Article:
CSS Flexbox Demystified | Dan Berges | Skillshare
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Taught by industry leaders & working professionals
Topics include illustration, design, photography, and more

Watch this class and thousands more

Get unlimited access to every class
Taught by industry leaders & working professionals
Topics include illustration, design, photography, and more

Lessons in This Class

    • 1.

      Intro

      1:14

    • 2.

      Setup

      4:42

    • 3.

      Creating a Flex Container

      1:29

    • 4.

      Flex Container Properties

      7:21

    • 5.

      Flex Item Properties

      6:35

    • 6.

      Outro

      0:29

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About This Class

In this class, I walk you through all the main rules for both the flex container (the parent) and the flex items (the children) that are responsible for the fluidity of the Flexible Box Layout, AKA Flexbox.

Equipment required: a computer.

Skills required: some HTML and CSS experience.

Visual Studio Code website:

https://code.visualstudio.com

Meet Your Teacher

Teacher Profile Image

Dan Berges

Entrepreneur & Web Developer

Teacher

Hi! My name is Dan, and I am an entrepreneur, web developer, Spanish language teacher, musician and writer from Madrid, Spain, living in NYC.

I founded Berges Institute in 2013 and Berges Technologies in 2021. In my spare time, I make videos and courses about music, business and web development.

If you like my content, please do follow my profile. And if you have any questions or comments about any of my classes, feel free to message me!

See full profile

Level: Intermediate

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Transcripts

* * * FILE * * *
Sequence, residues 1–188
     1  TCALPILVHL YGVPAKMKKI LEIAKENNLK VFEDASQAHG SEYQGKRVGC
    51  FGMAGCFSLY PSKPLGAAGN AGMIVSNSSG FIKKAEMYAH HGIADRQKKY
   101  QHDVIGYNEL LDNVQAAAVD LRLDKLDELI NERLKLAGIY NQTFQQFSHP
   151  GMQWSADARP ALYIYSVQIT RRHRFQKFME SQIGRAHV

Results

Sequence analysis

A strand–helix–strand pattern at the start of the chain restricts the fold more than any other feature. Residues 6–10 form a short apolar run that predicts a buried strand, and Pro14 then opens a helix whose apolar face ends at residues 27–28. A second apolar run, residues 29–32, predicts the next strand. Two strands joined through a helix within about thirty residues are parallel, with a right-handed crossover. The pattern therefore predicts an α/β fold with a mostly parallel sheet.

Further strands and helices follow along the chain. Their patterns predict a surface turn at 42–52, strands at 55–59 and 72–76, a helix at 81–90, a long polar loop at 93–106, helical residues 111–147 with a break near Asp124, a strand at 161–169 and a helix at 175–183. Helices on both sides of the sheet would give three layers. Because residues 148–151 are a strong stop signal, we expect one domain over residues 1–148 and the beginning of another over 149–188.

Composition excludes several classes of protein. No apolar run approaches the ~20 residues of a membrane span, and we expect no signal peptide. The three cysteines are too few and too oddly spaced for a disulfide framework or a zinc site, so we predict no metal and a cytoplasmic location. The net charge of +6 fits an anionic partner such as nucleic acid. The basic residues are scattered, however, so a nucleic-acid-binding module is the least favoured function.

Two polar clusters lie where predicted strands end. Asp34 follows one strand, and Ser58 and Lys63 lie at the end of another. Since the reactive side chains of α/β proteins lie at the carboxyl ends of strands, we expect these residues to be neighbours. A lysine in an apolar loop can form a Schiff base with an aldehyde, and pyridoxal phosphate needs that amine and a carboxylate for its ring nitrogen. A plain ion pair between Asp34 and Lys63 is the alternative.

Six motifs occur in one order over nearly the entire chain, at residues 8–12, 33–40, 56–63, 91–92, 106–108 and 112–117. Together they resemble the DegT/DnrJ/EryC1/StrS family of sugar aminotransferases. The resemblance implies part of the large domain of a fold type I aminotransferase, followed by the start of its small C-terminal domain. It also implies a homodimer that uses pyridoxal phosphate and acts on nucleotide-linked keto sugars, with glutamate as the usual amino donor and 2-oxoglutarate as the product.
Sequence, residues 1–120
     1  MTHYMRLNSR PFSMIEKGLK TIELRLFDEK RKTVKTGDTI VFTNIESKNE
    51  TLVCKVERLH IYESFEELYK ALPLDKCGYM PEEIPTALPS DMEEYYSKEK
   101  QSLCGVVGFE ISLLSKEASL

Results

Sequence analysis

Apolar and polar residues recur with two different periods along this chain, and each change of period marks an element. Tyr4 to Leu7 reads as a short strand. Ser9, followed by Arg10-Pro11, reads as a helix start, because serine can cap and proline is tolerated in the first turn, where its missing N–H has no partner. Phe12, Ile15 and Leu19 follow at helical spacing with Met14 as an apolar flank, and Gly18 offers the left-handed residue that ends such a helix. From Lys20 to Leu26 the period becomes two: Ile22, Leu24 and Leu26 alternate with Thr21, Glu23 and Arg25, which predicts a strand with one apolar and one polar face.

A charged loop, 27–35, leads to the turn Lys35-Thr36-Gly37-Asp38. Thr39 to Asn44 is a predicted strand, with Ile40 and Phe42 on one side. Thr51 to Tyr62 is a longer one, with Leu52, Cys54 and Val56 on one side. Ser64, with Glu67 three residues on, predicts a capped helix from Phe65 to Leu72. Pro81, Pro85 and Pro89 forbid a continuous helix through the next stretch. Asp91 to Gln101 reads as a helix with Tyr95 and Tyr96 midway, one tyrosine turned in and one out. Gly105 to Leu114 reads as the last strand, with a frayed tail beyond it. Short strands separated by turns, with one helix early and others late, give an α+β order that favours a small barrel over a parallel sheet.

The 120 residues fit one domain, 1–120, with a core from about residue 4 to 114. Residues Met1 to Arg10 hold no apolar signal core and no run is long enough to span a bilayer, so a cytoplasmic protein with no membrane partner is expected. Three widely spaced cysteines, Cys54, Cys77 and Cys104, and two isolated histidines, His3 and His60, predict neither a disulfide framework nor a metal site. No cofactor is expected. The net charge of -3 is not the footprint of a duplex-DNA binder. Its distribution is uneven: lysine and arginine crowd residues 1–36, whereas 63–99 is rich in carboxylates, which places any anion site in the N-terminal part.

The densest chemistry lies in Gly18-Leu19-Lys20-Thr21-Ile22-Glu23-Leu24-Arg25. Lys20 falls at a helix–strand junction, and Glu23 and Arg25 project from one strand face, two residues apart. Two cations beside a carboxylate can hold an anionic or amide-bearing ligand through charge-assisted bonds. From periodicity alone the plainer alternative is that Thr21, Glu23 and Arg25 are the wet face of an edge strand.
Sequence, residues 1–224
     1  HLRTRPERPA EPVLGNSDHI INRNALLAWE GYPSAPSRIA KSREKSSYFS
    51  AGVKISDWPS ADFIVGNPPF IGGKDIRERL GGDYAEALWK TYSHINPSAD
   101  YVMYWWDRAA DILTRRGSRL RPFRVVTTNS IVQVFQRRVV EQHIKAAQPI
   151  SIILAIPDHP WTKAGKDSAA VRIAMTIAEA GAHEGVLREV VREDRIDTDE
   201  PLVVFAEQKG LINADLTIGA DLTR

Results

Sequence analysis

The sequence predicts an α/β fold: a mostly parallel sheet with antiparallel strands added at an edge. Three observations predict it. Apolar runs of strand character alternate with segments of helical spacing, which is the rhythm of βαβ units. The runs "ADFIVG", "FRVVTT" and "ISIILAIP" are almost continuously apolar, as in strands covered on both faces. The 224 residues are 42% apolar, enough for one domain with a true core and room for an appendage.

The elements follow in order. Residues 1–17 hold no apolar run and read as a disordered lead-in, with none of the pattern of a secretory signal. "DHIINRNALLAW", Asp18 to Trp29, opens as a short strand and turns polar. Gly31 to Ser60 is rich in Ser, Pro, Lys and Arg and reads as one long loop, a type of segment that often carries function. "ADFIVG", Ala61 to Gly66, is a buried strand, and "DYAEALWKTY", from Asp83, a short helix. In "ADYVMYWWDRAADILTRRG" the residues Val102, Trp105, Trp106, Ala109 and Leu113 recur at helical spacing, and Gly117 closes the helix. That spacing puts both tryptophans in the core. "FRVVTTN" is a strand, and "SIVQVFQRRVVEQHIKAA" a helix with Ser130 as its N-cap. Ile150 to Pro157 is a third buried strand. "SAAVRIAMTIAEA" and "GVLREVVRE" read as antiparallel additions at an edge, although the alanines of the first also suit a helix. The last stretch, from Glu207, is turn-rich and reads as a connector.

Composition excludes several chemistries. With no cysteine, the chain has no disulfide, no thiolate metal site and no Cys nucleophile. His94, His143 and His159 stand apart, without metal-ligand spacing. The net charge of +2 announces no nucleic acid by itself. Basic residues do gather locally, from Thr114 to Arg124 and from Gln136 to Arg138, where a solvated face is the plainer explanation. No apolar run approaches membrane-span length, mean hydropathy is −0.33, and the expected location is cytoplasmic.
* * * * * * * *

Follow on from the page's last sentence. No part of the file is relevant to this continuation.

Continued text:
1. Intro: Hello and welcome to my class. My name is Dan Burgess and I'm an entrepreneur and web developer from Spain, live in New York City. I have been developing web applications for almost ten years. Flexbox is a CSS layout model in which elements within a container are automatically arranged in a responsive way. In this class, we'll go over the most important Flexbox roles. And this will give you a full understanding of how the tool works. At the end of the class, you should be able to understand Flexbox and include a flex container in your own website. The class is for people who have some experience with HTML and CSS, but don't fully understand flex container. Let's get started. 2. Setup: Okay, so I am using Visual Studio Code as my editor. You can download it on the Visual Studio Code website. It is free and it is cross-platform. It works in all the operating systems. So I have created two files. I called one of them index.html and the other one, style.css. And they are in the same folder. I have opened both of them and they are empty right now. So I'm going to create in here my HTML boilerplate that is pretty easy on Visual Studio Code, which is type exclamation point. And it gives us here on upper BAC on that, if we click on it, will create the boilerplate plate. I'm going to save it. I'm going to leave my style.css file blank for now. And I'm going to write something in here just to test it. And I'm going to open this. In my case with Live Server, live server, it's an extension for Visual Studio Code. I have it here and installed already. And we just have to right-click on the file and click Open with live server. So it is a star then k. Now sometimes it opens automatically. I'm going to open this in Chrome. So basically it is part 5500 as have to type in here. Local host colon 5500, which is the port and a resolver names. So we are good to go. So I'm going to get rid of this and I'm going to create some elements in here. I'm going to create a div element with our class of container. That's very easy to do on Visual Studio Code. I just have to type dot and then the name of the class container in this case. Then hit Enter. And it has created a div element with a class container. And inside this development, I'm going to create a few other divs. I'm going to give the first one a class of Dave, one, another one with a class of div two. Let's do 34. Okay? I'm going to save, and I'm going to add some text in here, like, let's call this one item, one item 234. Okay, I'm going to refresh the page here. Actually live server, it refreshes automatically. So here are our four items. One more thing, I'm going to give all these elements some padding and border just so we can see them easily. So for that, I'm going to say dot container space div. And this means all the div elements that are inside of an element with a class of container. And I'm going to say padding. Let's give them 15 pixels and then border one px, solid. Okay? And this is not working. Hi, I haven't linked the style dot CSS file, so for that, I have to add here at tag of type link rel equals stylesheet, href equals style dot css. And now this is working. So with this, we're ready to start converting the main div into a flex container and see what can we do with that. 3. Creating a Flex Container: Okay, so in here, in here, I'm going to add a rule for the div with a class container. So for that, I'll say the container. And all these rules are going to apply to this div. So all we have to do to make it a flex container is to say display flex. Now, this is a flex container, this div here. So this now looks different. There are some properties that have been automatically applied. We'll talk about them in a second. But basically it's just a note about naming. So this is called the flex container. And these are the flex items. We can also refer to the flex container as the parent and to the div items as the children. So when working with Flexbox, we're going to have some properties that apply to the parent to their flex container. We're going to have some properties that apply to the children. So let's get started with the properties that apply to the parent, to the flex container itself. 4. Flex Container Properties: So the first property is going to be flex direction and the default value is rho. So if I do this, this is redundant. It's going to do nothing. It's what we already have. Basically when the flex direction is row items, the items will be displayed from left to right. In countries in which we write from left to right, it will be the opposite in places in which people right from right to left, like for example, in Arabic, people right from right to left. So it would be the opposite. But in English, we write from left to right. So the flex items will be displayed from left to right. We can do instead of row, row reverse. And of course this will reverse it. And now they start from the right and then you go to the left. We can also do column. Now the direction will not be horizontal anymore, it will be vertical. And we start with the first item. And lastly, of course we can do column reverse in which now item one will be at the bottom and then we'll go to 34. So these are the four flex directions that we have. So we have really a horizontal, either in the normal flow of texts like left to right in Western countries. Row reverse, which is right-to-left in Western countries, column which is like from the top to the bottom, and column reverse from the bottom to the top. I'm going to get rid of this one. The next property is going to be flex, wrap. The default value. He's going to be no, wrap this one. So if I do this and save, nothing is going to happen and actually we cannot see it. I have to open the developer tools for you to see it. Okay? So if I make the window smaller, when there's not enough space for them, they are going to shrink. So if we change the probability flux drop, what is going to happen is that when we make the window smaller, the items are going to start to wrap. Their fourth item is going to go to the next line and then the third and then the second, but they are going to maintain their size. So let's look at it. So let's do here rap. And now we see how the fourth item goes to the next line, et cetera. And lastly, wrap reverse. So you can already imagine what is going to happen. Basically, they're wrapping from bottom to top instead of top to bottom. So I'm going to get rid of this and the next probability is going to be justify content. So start is the default value. If I do this, nothing happens. But we can also do here, and of course there'll be justified at the end. And we can also do center. And now they are in the center. And there are three more that are interesting and very useful. One of them is a space between this one. Item one and item four are at the start and the end of the flex container. And then all the other items in this case, item number 23 are evenly spaced inside of them. We also have space are round. And in this case, all the items have the same amount of space around them. So this one has this space here and this space here, and this one has this space here and this space here. What happens with this one, of course, is that between item 12, we have twice the spaces between item one and the beginning of the flex container, of course, because in here we have the space that belongs to item one and the space that belongs to item two. If we want an equal amount of space between all the items and also between the first and the last item on the flex container, we can use a space evenly. Now, all the spaces are the same and closing the space between the first item and the beginning of the flux container and the fourth item and the end of the flex container. I'm going to get rid of this. And this next property is align items. So for this one, I'm going to add some more stuff in here. For example, in the first one, I'll add an H2 title, a paragraph. In the third one. I'm going to add this and also an extra paragraph. Okay? So the default value of the property align items is going to be a stretch. So this is redundant. What this means is that all the items will stretch in their height to match the height of the tallest item, which in this case is item number three. If instead of that, we say in here flex, start. Now, they are all vertically aligned. At the top of the flex container. If we say center, there'll be aligned in the middle. And if we say bottom, not bottom, if we say flex and there'll be aligned at the bottom of the flex container. 5. Flex Item Properties: Great. So let's take a look at the properties of the children. So we have this rolling here, but this selector affects all the children as a group. We're going to target them individually. Now, for that, I'm going to create a row for each children. So let's say 1234. Okay, perfect. So the first one is order and the default value is 0. So if I do this, nothing happens. But if instead of 0, I put here too, I haven't saved it yet. But it is not going to be in the second position. We'll see what happens. I'm going to save it. Now the first one, I'm going to actually in here, call this item one and item three just so we can see them easily. So item one is now at the end. And the reason why is because all the other items, they have order 0 automatically. So basically this one is 0, this one is 0, this one is 0, and this one has the highest value. So it goes at the end. If in this one we gave it an order value of three. Now this div three will go at the end. So this is basically how it works. The last property that we're going to look at is flex, grow. And this one is kind of tricky. So I'm going to get rid of this first of all. Okay? So this is how it works. The default value is 0. So if I say flex grow 0, There's redundant. Nothing changes, okay? So basically every item is taken the space that it needs in, in inside of their flex container based on its content. So it's one, it's taken enough space to display its content. And the padding that they have, which is 15 pixels on every side. If instead of 0, we set this to one, Whether that in all of them. Okay? Now we see that each one is taking a fourth of the available space, which is the width of the window. So it could be tempting to think that if we set this one to two, now, these ones the subtotal of five units. So these ones would take like 1 fifth, and this one will take two-fifths. But that is not exactly how it works. Let me save this. That is not exactly what is going on in here. If for example, I set this to four, it's going to be easier to see it. Now, if that was what happened, basically it would be seven units in total. So these ones would take like 1 seventh each, and this one would take four sevenths. But really this is the middle. If this one was taken four-sevenths of the space, it would have to take more than half and that is not what is happening. So here's how it works. Basically, if we said all of them again to 0, they are taking this space and there is all these free space. So when they are not set to 0, it is this free space from here to the end that gets divided accordingly based on the number that they have. So in a proportional way. So if we set this one to four and all these wants to one. So basically each of the first three will take 1 seventh of this space. I'm not of the entire space, and this one will take four-sevenths of this space and not the entire space. That is how it works. So let's set this one to 1114. That is what is going on. Basically, it's item has already guaranteed the space that it needs. And it is the remaining free space that gets divided accordingly. Basically, like all the space is considered to be worth the total amount of units, like seven in this case. And then it gets divided and add it to its div accordingly to the number that they have in here. So if we set this one to 0, this one will only have the space that it naturally has that is enough for it. And now I'm, the rest of the free space gets added accordingly to these ones. Now for example, the free space gets divided by six. And these ones received like 1 sixth of the free space again. And this one receives for six of the free space. It is a little tricky, but that is how it works. 6. Outro: Thank you for taking my class and I hope it was helpful. I encourage you to experiment and try to play with the different properties in all the different flex their axioms that are available. Thanks again, and I will see you in my next class.